Affordable Housing Education Week starts now and runs through Sept. 21, and the Arlington Alliance for Housing Solutions has events lined up to discuss the issue from a few different angles: housing and economic growth; housing design and affordability; and the issues facing “Gen. Y” young adults.
“We have housing support programs of which we should be proud,” said AHS’s Mary Rouleau at the county board meeting Saturday. “But we also face considerable affordability challenges.”
According to a brochure by AHS, 37 percent of Arlington’s apartments are “Market Rate Affordable”--called MARKs--for people making up to 80 percent of the Area Median Income. Because they are not “committed” affordable--CAFs--there is no guarantee they will remain affordable.
The challenges as laid out in the brochure: preserve MARKs or convert them to CAFs; figure out where Gen.Y will live (other than their parents’ basements); and make the best use of limited resources.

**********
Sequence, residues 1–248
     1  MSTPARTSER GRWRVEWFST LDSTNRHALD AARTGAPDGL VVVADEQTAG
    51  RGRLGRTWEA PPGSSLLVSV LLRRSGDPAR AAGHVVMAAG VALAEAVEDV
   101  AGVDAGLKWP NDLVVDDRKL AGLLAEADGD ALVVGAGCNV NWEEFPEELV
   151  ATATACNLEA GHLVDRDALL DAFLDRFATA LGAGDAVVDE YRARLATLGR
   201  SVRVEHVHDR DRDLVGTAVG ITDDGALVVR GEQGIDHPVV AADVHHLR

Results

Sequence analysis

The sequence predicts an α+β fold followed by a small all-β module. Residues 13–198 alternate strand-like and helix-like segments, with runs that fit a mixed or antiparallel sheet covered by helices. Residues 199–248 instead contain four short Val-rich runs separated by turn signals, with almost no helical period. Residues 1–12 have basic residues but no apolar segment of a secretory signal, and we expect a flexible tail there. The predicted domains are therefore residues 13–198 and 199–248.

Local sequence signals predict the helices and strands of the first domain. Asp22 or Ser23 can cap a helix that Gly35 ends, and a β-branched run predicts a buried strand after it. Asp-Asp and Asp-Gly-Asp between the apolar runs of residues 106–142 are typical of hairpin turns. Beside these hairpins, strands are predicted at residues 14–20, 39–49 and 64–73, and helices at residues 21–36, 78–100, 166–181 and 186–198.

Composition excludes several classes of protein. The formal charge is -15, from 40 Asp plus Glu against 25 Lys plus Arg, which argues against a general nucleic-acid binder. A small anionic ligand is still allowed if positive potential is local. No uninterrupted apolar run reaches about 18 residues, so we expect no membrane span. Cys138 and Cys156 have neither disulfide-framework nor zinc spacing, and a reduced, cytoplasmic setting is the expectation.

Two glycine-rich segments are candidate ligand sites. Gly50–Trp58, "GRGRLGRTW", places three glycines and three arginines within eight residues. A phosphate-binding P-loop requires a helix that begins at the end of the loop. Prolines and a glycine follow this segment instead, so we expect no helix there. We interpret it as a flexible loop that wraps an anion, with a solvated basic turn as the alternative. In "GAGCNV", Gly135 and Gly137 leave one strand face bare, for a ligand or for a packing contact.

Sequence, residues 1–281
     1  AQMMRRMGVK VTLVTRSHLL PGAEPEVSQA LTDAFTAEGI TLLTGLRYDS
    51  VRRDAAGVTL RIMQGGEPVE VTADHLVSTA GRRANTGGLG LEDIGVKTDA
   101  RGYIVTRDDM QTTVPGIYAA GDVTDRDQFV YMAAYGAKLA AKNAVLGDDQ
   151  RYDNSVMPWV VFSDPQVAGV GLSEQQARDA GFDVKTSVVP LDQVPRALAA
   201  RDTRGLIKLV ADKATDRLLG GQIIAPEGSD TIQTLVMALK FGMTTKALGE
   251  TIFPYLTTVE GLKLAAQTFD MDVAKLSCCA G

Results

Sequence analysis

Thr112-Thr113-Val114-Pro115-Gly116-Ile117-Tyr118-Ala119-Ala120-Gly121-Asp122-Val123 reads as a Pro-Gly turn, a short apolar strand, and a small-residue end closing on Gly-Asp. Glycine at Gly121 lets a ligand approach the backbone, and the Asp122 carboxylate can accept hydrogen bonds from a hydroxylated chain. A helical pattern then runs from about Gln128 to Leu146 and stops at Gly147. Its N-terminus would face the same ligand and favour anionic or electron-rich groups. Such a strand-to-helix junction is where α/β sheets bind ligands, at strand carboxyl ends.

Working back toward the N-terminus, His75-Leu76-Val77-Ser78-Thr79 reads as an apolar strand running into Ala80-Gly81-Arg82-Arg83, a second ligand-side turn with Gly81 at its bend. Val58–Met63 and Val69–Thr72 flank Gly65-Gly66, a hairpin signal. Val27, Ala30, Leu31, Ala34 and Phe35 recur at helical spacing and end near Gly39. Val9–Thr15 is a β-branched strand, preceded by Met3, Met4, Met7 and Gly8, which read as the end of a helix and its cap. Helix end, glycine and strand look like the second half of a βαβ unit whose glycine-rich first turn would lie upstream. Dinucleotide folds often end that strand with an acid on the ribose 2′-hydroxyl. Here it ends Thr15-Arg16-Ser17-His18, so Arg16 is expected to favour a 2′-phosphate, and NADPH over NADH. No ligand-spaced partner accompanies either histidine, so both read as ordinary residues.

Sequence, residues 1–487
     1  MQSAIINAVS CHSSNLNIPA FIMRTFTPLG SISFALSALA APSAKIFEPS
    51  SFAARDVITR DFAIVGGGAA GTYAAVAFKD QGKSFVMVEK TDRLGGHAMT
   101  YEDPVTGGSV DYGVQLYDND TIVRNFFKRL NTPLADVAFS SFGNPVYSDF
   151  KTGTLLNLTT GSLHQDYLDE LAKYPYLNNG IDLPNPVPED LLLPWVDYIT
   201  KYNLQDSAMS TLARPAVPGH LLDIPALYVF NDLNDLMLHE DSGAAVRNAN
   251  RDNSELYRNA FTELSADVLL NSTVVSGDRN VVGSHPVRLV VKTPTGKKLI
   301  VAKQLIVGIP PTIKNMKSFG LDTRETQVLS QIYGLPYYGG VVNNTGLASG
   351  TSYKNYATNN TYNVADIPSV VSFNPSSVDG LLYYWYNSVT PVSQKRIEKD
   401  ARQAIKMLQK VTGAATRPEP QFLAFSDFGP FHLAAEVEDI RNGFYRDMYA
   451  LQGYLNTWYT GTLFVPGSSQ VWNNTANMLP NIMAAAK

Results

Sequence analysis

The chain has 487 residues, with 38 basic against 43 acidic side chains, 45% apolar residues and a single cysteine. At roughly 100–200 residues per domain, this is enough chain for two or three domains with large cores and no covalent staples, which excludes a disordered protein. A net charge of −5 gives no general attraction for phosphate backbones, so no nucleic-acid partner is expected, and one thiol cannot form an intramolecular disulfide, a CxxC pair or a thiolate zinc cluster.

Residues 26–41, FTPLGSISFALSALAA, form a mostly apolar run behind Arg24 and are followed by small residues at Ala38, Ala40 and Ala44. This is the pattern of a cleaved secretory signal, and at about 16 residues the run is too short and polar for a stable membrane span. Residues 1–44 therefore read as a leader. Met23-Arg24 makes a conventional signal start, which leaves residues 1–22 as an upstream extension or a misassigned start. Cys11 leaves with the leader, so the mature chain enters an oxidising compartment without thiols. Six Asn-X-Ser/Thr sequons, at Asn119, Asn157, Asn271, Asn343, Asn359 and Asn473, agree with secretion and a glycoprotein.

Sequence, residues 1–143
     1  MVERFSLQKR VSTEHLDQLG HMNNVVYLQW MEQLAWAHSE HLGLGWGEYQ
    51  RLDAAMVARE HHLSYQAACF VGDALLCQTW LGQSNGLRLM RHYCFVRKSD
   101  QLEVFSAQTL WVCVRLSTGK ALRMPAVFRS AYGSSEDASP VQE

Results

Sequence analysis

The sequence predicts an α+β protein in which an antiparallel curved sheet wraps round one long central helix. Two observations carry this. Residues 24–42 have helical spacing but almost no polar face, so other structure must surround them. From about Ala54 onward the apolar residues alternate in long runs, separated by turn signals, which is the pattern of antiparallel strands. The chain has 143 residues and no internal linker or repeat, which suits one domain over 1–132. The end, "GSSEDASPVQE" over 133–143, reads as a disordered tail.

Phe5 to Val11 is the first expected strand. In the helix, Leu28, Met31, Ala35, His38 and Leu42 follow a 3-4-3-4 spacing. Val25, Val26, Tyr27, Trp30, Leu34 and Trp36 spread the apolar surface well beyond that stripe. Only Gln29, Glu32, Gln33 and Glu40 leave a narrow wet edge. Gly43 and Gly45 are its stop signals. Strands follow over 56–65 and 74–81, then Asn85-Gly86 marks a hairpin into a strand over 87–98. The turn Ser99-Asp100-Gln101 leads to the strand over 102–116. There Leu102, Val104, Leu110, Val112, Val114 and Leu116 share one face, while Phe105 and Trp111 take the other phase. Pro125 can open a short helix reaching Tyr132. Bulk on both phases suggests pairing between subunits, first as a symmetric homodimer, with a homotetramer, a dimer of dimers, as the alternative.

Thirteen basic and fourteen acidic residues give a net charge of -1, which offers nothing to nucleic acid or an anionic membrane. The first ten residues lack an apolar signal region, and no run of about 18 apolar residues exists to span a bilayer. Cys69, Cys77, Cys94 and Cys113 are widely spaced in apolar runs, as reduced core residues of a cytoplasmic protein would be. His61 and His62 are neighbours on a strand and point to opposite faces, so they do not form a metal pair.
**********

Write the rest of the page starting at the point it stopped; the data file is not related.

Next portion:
Saturday morning, County Board Chair Mary Hynes mentioned a three- to five-year housing study the county is conducting. A meeting about the scope of the study will be held this Saturday at Wakefield High School. It’s a longer-range plan that looks at gaps in the needs versus the services, Hynes said.
Although a housing discussion was not part of the agenda, board members Walter Tejada and Chris Zimmerman pounced on the length of that study. They fear that a housing study will delay action. County Manager Barbara Donnellan said staff could handle both active pursuit of housing and a study.